While he was sleeping, an angel touched Elijah, and directed him to get up and eat.  Looking around, Elijah saw a cake of bread baked over embers and a jar of water.  Elijah ate and drank, then lay down again.  The angel came back a second time, touched Elijah and said, “Get up and eat, for the journey is too much for you” (1 King 19:7).  Elijah rose, ate, and drank.  Strengthened by the food, Elijah traveled 40 days and nights until he reached Mount Horab, where God gave Moses the 10 Commandments.

In Biblical Israel, the white broom tree was used for kindling in cooking stoves and coals were made from its roots, trunks, and branches (Job 30:4).  Broom embers retain their heat for long periods after they appear to be dead ashes.  An ancient Israelite reading that on awakening Elijah saw bread baked on embers would have assumed the embers retained fire from an earlier traveler and were blown into heat to bake the bread.  Desert travelers have reported forming a layer of broom embers to suit their size. They covered the embers with a 2–4 inch layer of sand or fine soil.  The sand-cover embers provided a warm mattress during the cold desert night.  Perhaps Elijah had such a mattress as he slept under the broom tree.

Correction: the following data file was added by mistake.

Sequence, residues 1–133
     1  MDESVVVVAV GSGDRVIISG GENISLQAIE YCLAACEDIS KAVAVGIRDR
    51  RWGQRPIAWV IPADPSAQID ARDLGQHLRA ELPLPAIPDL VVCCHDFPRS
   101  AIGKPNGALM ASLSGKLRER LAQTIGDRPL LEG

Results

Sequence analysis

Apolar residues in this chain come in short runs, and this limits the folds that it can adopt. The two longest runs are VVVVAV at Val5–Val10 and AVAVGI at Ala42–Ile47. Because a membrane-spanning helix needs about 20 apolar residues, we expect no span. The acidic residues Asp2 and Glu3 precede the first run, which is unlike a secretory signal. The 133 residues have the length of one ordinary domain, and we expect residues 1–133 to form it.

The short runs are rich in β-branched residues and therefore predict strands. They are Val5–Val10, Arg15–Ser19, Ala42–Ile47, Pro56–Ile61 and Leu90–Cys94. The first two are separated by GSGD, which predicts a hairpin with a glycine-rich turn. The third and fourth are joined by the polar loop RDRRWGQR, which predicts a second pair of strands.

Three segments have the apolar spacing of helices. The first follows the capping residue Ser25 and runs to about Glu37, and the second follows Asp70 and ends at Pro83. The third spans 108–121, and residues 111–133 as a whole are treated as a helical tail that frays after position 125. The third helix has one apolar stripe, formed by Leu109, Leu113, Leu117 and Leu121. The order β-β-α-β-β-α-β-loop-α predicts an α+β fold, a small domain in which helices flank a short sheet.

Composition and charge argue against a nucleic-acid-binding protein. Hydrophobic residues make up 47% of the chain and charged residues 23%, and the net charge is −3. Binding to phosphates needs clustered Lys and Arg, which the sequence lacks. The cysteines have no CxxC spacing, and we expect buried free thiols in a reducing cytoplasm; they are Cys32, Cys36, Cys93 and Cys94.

The Broom Tree

The broom tree that Elijah rested under in the Negev was the Retama raetam, also known as the white broom and the white weeping broom tree).  The broom tree is thought to be indigenous to the Middle East, North Africa, and possibly Sicily.  In Israel, it is widespread in deserts including extreme deserts, shrub steppes, and Mediterranean woodlands.  Although called a tree, it is a shrub with a broad canopy. In Israel, the white broom tree is most beautiful between January and April when it is covered with a myriad of white flowers.  Flowers  emit a honey fragrance. At times seeds remain viable in the soil for several years until the seed coat wears down.  Mass germination can occur after a fire that destroys seed coats.  In Israel rabbits consume pods and have been known to disperse seeds up to 6.2 miles from parent plants.  Seeds can survive soil being mulched or composted.

Symbolism: Renewal